Photo courtesy of Andrew Gaffney

Math Meets Music in the Mind of Andrew Gaffney

It’s a Tuesday afternoon in the middle of the Chocolate Bar rush hour, but Andrew Gaffney, MCAS '16, is unfazed by the hustle and bustle of the students around him. As he settles into his chair to talk with me about his life and accomplishments, he exudes an impressive air of serenity amidst the frenzied chaos.

Gaffney, however, is far from idle in his daily collegiate schedule. Wrapping up his time in Chorale and the Theatre Department at Boston College with an upcoming musical theatre piece featuring his own musical compositions, he certainly still has a lot on his plate.

“I joined Chorale in my freshman year,” he says, noting that choir was something he had been involved with most of his life. “It was something I wanted to continue doing, even though I didn’t necessarily know it was something I’d be really involved with.”

A similar story seems to hold truth for Gaffney’s theatre career—after being cast in three shows during his sophomore year, he started to recognize the huge role that theatre was going to inevitably play in his BC experience.

“Theatre has kind of taken over with its huge time commitment, especially in the last few years,” says Gaffney. He touches on his enthusiasm working in Carousel, the musical production put on by the Theatre Department last semester.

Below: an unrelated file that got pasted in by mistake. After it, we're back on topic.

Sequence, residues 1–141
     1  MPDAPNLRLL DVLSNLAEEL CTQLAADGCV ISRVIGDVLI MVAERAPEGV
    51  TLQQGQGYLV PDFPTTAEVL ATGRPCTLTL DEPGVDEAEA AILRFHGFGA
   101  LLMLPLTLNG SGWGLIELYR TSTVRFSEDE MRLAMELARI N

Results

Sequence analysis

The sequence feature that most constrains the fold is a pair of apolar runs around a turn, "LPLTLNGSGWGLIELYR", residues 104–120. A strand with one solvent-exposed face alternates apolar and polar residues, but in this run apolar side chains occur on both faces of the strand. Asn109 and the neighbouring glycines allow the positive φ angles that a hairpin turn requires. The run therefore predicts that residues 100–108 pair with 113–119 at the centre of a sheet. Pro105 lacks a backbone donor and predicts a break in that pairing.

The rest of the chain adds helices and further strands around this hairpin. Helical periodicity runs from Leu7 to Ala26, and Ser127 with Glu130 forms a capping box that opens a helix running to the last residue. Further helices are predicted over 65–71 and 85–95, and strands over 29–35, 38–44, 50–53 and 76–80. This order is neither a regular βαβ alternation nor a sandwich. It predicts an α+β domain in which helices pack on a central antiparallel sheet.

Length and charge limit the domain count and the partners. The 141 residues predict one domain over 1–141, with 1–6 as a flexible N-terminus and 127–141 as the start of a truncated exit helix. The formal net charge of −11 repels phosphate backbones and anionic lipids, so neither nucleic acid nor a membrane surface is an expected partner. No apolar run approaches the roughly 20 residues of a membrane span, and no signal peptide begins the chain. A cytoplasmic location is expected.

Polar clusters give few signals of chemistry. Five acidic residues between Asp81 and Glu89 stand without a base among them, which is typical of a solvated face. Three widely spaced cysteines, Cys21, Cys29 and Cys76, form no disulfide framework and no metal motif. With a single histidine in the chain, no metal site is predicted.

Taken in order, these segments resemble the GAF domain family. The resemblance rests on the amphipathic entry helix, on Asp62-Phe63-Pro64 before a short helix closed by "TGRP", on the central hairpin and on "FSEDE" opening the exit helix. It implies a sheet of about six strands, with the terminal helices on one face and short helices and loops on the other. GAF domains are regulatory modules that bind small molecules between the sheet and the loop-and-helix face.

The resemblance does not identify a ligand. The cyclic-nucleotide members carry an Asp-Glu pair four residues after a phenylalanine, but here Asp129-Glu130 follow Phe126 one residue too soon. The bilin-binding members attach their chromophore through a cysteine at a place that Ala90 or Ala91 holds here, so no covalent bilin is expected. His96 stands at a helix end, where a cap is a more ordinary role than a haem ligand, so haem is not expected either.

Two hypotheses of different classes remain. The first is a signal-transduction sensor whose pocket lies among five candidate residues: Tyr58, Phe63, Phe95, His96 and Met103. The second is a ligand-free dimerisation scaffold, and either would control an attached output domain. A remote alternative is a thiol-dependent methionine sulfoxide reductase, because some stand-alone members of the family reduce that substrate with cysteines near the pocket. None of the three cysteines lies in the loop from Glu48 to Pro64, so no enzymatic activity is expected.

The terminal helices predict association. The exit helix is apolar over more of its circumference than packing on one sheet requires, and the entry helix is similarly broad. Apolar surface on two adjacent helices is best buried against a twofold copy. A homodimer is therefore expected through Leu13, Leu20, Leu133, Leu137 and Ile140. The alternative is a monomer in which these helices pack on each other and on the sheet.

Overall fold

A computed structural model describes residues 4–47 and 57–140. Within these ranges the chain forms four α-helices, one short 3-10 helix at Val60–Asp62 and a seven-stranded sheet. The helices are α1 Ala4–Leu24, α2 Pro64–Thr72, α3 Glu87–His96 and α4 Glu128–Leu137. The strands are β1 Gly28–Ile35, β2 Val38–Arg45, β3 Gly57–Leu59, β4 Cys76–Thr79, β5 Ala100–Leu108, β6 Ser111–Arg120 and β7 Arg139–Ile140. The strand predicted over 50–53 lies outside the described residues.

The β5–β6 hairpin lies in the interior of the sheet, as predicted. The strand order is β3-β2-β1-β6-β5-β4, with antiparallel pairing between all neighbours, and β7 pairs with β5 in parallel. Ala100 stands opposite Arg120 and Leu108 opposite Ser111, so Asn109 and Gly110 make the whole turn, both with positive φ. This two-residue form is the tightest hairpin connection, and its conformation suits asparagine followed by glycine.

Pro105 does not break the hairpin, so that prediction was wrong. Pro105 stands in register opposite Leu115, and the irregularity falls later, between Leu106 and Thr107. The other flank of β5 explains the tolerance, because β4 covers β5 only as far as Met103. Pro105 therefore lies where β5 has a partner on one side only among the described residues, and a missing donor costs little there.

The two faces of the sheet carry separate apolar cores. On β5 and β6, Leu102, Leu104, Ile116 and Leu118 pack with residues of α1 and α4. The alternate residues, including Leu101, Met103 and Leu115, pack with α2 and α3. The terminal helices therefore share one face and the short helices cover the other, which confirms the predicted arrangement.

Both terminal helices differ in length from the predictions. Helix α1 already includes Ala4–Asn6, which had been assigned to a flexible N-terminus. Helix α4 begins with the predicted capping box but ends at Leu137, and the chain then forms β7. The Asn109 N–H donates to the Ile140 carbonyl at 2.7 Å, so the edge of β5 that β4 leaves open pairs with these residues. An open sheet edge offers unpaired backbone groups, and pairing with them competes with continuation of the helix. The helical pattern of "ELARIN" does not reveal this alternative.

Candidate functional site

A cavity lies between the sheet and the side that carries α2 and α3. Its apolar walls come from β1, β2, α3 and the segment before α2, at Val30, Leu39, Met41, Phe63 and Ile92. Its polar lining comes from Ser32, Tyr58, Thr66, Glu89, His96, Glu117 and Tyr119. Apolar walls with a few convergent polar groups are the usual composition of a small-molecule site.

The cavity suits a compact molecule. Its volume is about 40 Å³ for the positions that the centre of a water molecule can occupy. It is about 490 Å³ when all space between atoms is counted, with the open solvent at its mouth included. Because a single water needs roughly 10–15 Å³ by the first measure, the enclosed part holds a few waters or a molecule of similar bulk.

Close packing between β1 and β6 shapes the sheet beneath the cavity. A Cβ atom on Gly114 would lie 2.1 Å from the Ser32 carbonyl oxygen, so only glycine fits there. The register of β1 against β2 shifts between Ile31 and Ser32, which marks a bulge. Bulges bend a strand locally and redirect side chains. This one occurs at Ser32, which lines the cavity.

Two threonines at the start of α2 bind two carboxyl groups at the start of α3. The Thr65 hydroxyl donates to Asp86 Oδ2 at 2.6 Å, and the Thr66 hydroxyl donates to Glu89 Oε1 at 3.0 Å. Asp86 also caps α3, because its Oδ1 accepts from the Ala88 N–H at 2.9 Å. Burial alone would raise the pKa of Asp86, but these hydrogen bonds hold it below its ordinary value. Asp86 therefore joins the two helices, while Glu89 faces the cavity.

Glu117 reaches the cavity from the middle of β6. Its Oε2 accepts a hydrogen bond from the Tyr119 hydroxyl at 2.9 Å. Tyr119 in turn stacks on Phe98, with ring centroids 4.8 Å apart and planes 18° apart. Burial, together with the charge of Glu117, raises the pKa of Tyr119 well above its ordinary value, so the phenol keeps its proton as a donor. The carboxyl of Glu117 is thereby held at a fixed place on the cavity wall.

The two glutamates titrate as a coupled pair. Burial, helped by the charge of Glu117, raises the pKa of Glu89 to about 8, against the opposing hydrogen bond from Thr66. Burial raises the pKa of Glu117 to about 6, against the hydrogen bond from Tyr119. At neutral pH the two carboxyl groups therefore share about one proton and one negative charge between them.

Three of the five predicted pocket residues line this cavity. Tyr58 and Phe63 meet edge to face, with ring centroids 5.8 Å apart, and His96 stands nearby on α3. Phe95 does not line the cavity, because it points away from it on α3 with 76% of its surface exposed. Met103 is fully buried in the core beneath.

Photo courtesy of BC MT Wing / Facebook

Photo courtesy of BC MT Wing / Facebook

Throughout his four years here, Gaffney has always taken an interest in the arts. He was a part of the Marching Band during his freshman year, he sings at Sunday morning masses, and he even started a group called Musical Theatre Wing, or MT Wing for short, in which he serves as the current music director. In MT Wing, he is able to put on a few smaller events a year, like Cabaret this year, for people with an interest in musical theater, whether they’re currently involved in the Theatre Department or not.